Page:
By Mel Frykberg | IDN-InDepth NewsFeature
This news feature tells the story of how groups of Israelis and Palestinians are empowering communities at daggers drawn to consider themselves as part of a solution, rising above parochial interests and swimming against prevailing political tide, thus lending a vibrant local dimension to the broader concept of global citizenship.
HEBRON, West Bank (IDN) – The ancient biblical city of Hebron, in the southern West Bank, is holy to Judaism, Christianity and Islam and is steeped in historical, archaeological and religious treasures.
However, the hilly, windy and narrow streets, nestled among picturesque hills, belie a bitter and bloody history, and a palpable sense of tension.
The city of Abraham is now home to over 250,000 Palestinians. Less than 1,000 Israeli settlers, guarded by hundreds of Israeli soldiers, live cheek-and-jowl in the midst of the Palestinians, in an atmosphere of extreme hostility.
Over the decades the hatred between the two communities has regularly descended into violence and ended in bloodshed.
In 1994 Israeli settler doctor Baruch Goldstein machine-gunned over 20 Palestinians to death as they prayed in the Ibrahimi Mosque while settlers have also been killed and wounded by Palestinians.
Israel’s occupation has forced hundreds of Palestinians out of their businesses and homes in the city’s old market, and in Shuhada Street a main road in the city centre where Palestinians are forbidden to walk.
Israeli security forces have also been accused by various human rights organisations of abusing Palestinians and killing them unnecessarily.
It is against this background that two peace organisations, one Palestinian and one Israeli, have worked together for justice and to educate Israelis and foreigners about the life under occupation.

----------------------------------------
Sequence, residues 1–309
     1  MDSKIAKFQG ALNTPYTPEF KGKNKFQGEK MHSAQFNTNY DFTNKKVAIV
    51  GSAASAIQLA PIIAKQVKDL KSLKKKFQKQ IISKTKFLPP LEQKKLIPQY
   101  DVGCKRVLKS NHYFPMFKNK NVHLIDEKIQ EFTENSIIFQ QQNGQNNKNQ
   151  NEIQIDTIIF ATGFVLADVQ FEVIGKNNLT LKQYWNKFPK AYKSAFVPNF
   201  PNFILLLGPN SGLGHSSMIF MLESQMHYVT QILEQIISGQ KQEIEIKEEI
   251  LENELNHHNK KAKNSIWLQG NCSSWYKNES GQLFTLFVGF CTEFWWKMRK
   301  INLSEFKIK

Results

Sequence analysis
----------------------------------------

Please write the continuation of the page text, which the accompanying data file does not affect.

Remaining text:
Breaking the Silence (BTS) is a group of veteran Israeli soldiers who have served in the Israeli military since the start of the Second Intifada, or uprising in October 2000.
The former Israeli soldiers take Israelis and tourists on tours of Hebron and explain the situation on the ground to them.
“We endeavor to stimulate public debate about the price paid for a reality in which young soldiers face a civilian population on a daily basis, and are engaged in the control of that population’s everyday life,” Achiya Schatz, BTS’s director of public outreach told IDN.
“We explain to the tour groups that Israelis are not the victims of the occupation but that the Palestinians are.”
Many of the Israeli soldiers recall abuses that were committed against Palestinians while they were serving.
“On one occasion we trashed the house of a Palestinian we thought was a ‘terrorist’ and he and his wife were roughed up and taken out into the street,” recalled Schatz.
“We later found out we had the wrong guy. The guy we wanted was living two houses down the road.”
Schatz also recalls commanders of the units being disappointed when they hadn’t been able to kill a ‘terrorist’.
Soldiers from BTS have provided testimony to far worse abuses and Schatz explained that what he witnessed was not exclusive to Hebron but the regular behavior of some Israeli troops throughout the West Bank when dealing with the Palestinian population.
Apart from educating Israelis about the occupation BTS also believes in building bridges with Palestinians, particularly activists.
“It is important to us to introduce Israelis to Palestinians as this helps to break down stereotypes. Often this is the first time Israelis have met Palestinians in person,” said Schatz.